Whenever I'm in southwest Virginia on vacation from the smog and broken dreams of Los Angeles, to visit family for the holidays and explain to my cousin that "no I'm not the girl in the relationship, that's not how it works", Netflix is the only thing that keeps me sane. Unfortunately, my mother and I speak very different languages on Netflix: I speak Always Sunny re runs, she speaks "Who the (Bleep) Did I Marry". The only intersections of our Suggested For You are seemingly "Scandal" and "Critically Ignored/ Rando Documentary Films". So when tasked with writing about "John Lennon: All You Need Is Love" I decided to bring my mom along.

John Lennon: All You Need Is Wine; or How a Black Family Watches A Beatles DocumentaryS

Mom: I can't understand these accents.

Me: Did you listen to The Beatles growing up?

Mom: Why would I? Even they say they got all their inspiration from black music.

Me: You know you not listening to the Beatles is why I had to grow up to be the contrarian in college who "just didn't get the big deal with The Beatles."

Mom: You're welcome.

Me: No one wants to be that guy unless you're just that guy and I'm not. Oh my, this documentary is not very good.

Mom: It isn't. Pass me that wine over there. It feels like when your granny is going through one of her old picture albums with you and barely explains the picture before moving on.

John Lennon: All You Need Is Wine; or How a Black Family Watches A Beatles DocumentaryS

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Me: Yes!

This documentary was obviously written with the expectation that everyone knows about the inner workings of the Beatles camp. Since I don't, I'm lost. The timeline is seemingly all there but there's no narrative to guide me along.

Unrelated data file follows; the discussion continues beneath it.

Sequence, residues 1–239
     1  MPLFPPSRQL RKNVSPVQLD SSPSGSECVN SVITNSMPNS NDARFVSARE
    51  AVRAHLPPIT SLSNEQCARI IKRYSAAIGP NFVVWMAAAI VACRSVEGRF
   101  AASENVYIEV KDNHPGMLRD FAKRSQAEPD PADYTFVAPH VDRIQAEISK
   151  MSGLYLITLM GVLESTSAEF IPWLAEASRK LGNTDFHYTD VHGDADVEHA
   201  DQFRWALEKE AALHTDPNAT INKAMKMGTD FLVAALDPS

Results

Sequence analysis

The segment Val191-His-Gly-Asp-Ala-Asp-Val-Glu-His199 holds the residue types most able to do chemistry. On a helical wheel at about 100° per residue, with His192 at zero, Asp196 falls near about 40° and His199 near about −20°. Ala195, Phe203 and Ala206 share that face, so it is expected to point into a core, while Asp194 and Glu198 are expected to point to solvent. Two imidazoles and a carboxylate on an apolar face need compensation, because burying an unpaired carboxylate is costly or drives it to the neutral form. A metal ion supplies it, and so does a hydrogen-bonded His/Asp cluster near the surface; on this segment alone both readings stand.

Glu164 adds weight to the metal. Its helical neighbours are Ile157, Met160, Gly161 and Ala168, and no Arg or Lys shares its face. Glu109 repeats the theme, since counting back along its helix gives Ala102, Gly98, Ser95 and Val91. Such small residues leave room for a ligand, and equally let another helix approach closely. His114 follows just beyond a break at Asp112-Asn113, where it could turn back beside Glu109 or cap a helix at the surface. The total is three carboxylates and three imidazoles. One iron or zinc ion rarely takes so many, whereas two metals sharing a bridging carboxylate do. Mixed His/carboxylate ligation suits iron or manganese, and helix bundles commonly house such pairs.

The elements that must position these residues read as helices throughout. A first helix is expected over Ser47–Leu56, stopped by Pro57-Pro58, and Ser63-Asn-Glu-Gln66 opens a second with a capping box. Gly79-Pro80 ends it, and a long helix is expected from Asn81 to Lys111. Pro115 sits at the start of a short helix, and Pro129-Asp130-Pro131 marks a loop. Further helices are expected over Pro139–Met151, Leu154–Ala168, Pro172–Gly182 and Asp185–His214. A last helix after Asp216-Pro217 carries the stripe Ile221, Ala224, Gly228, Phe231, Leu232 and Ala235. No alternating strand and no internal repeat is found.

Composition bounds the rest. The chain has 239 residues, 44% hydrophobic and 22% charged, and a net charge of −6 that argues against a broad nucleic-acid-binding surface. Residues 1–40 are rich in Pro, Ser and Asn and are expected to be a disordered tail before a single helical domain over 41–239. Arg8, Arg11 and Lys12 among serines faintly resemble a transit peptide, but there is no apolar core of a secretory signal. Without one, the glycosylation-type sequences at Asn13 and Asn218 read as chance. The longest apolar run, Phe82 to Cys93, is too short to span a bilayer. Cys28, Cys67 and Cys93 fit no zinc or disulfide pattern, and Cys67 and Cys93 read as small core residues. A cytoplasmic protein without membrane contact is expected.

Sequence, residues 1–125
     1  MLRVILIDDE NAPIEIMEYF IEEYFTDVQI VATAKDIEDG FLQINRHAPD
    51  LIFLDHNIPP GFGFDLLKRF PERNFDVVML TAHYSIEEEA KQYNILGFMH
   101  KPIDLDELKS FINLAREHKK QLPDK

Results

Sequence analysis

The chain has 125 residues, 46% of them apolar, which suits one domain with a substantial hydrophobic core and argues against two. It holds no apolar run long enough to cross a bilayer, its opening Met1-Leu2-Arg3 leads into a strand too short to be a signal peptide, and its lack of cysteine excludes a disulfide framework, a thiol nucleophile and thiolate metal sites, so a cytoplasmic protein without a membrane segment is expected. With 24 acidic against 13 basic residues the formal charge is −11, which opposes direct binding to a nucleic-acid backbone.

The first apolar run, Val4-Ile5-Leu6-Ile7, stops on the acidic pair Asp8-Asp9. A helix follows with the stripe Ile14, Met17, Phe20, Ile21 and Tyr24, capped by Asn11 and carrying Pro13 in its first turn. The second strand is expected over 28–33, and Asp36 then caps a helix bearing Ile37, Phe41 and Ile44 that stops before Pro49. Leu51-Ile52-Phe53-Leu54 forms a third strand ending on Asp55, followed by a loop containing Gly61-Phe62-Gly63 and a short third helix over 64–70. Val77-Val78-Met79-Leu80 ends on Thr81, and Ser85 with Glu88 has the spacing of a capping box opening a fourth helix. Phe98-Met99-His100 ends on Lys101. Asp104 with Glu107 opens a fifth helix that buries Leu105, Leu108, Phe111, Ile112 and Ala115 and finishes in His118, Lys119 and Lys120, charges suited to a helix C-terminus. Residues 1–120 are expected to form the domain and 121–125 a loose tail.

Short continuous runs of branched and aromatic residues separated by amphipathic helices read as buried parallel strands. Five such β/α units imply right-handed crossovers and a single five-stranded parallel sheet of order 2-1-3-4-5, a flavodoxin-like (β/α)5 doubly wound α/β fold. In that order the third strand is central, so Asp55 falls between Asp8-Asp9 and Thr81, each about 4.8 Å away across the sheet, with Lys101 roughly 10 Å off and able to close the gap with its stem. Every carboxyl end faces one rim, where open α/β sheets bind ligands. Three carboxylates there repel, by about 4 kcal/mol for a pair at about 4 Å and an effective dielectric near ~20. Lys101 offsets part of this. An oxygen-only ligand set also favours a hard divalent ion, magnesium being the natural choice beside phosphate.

Mom: When was this thing made? It looks old.

Me: 2010, but I think it's all archival footage.. Oh my god, here's another guy just talking whose name they haven't told us.

Consistently the filmmakers don't do their do diligence to connect us to the world of John Lennon. In a documentary that can't afford the licensing on the music no one made time to properly introduce the many talking heads.

Mom: I feel sorry for that Yoko Nono.

Me: Yoko Ono, mama.

Mom: What did I say?

Me: Yoko No no...Why do you feel sorry for her?

Mom: You can tell she really love that man and he loved her but everyone keeps acting like she ruined him. Can't no one woman ruin a man. She ain't Bathsheba.

Me: Cool, mom.

This is a patchwork documentary, pieced together liked the broken teacup Yoko and John called a sculpture. Yet, unlike that sculpture the broken qualities of this film don't feel intentional. Talking heads float in and out of frame rambling anecdotes and postulations, and the audience is left reeling from the banality of it all.

Mom: Wait are they not going to tell us who killed him?

Me: You're supposed to already know. It's He-Who-Must-Not-Be-Named.

Mom: *A sigh* Hand me that remote. What episode of Scandal did we leave off on?